Inky Needles #2: Celebrity & Speed


Reviewed by Angus Sinclair

– Edited by Samuel Stolton, Jess Gregory, Joe Turnbull & Ricky Howrie.

Two dangerous driving forces provide the theme for the second issue of Inky Needles Literary Journal. Celebrity and Speed, notes founding editor Samuel Stolton, ‘hold magisterial levels of power and influence, and such is why it is of desperate importance for us to exploit them for the literary game.’ For the most part the prose fiction in this issue uses satire as its mode of attack. Fred Sugarman-Warner’s short story sees filmmaker Michael Bay as a forgetful loner, and an unattributed letter takes on the manic voice of Shia LaBoeuf recounting ‘a god damn crazy episode’. These truly believable farces barely caricature their subjects: the LaBoeuf piece is wild and unbelievable in its content but convincing in its use of the ‘meta-modernist performance artist’s’ look-at-me-don’t-look-at-me voice.

Elsewhere, the celebritisation of our culture is flatly reflected. A poem by James Nixon titled ‘Five facts about George Clooney’s new fiancée’ informs us ‘She wears sunglasses when it’s sunny unless she has left them at home’ and four other banalities. This is less an act of détournement and more a case of critique of the tedious through tedium. Much of the rest of the poetry in the issue is as unambiguous as it is overstated:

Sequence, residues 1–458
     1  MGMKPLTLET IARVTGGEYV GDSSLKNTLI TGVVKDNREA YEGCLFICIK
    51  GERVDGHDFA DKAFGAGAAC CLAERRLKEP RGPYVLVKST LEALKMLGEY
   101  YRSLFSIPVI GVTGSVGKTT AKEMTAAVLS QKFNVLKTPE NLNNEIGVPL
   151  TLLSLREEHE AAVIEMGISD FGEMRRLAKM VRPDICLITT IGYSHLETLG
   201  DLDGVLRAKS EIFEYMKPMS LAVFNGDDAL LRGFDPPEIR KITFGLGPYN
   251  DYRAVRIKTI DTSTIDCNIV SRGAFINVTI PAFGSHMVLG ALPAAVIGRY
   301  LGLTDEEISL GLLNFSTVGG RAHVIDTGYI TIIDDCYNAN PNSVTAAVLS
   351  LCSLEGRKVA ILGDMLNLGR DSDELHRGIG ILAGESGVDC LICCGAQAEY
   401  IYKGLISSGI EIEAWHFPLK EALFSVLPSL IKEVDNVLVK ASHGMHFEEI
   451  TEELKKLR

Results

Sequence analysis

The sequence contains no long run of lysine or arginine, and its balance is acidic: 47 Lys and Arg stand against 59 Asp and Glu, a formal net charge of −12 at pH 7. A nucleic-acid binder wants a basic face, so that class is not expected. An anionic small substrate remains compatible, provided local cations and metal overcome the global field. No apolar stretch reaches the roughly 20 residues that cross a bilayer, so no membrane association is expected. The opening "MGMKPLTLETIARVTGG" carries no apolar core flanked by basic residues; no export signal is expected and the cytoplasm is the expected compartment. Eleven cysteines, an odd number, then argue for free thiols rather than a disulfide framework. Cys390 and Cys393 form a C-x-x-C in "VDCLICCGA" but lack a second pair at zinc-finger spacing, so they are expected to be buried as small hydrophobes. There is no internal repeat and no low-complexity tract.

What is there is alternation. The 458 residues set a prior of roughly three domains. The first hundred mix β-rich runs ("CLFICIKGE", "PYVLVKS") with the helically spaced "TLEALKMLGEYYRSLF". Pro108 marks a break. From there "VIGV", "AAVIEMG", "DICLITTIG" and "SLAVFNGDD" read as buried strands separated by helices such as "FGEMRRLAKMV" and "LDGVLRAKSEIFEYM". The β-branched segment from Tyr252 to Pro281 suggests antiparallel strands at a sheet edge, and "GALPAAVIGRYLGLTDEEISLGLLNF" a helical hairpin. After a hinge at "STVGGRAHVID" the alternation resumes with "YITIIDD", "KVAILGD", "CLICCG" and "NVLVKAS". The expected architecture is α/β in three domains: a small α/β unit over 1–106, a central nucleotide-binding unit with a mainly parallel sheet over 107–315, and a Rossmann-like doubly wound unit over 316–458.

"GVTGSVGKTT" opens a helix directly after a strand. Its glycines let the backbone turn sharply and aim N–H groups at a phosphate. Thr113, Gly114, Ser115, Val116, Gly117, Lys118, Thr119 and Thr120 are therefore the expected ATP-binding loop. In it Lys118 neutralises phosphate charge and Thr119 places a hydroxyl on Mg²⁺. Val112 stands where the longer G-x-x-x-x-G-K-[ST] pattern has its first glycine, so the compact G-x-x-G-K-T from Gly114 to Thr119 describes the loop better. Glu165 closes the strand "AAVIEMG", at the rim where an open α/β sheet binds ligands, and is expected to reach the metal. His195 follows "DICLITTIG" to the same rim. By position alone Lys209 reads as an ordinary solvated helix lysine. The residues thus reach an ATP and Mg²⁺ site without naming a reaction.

Unpunctuated exclamations of ourselves
Cycling, unavoidable – disposable –
Until we are all just tourists
In the lives of others

(from ‘1000 Selfies’ by John Newton)

My interest in this issue peaked with the critical prose. Attention is given to the market positioning of Kanye West (‘Kanye West’s Reclamation of the Production of Celebrity Image as Commodity’, Nicomedus Reuben) and the commodification of subculture (‘Subculture as a Form of Fantasy Trap’, Natty Peterkin) in quick and lively pieces that are unfortunately brief.

Jess Gregory and Joe Turnbull’s interview with Chris Rojek, author of Presumed Intimacy: Parasocial Interaction in Media, Society and Celebrity Culture (among others) and a professor in the field of celebrity studies, is a highlight, and refreshing insofar as the discussion doesn’t take as default a negative view of celebrity. Rojek posits, with due caution, one of the reasons for Occupy’s failure to live up to its revolutionary promise was a lack of leadership: ‘You can’t trust leaders, but on the other hand they are a necessary evil because nothing will change without them.’

Gregory also contributes a clear, insightful review of Saatchi gallery’s recent Post Pop: East Meets West exhibition providing a room by room account of its successes and shortcomings. Regarding the latter, Gregory notes a ‘serious under-representation of women artists’, unfortunately drawing attention to the lack of female voices in the Celebrity and Speed issue, which contains nearly twice as many men as women.

Stolton draws his editorial to a close by noting that the fictions by Amy Mackelden and Laura Tansley articulate the ‘raw, obsessive, violent, hedonistic, nauseating, dizzying, and nihilistic’ motifs of Celebrity and Speed, all adjectives one might use – in both a positive and negative sense – to describe the issue as a whole. The scuzzy design, frantic typography, and raw editorial choices certainly make for a confrontational read, which seems to be the main objective.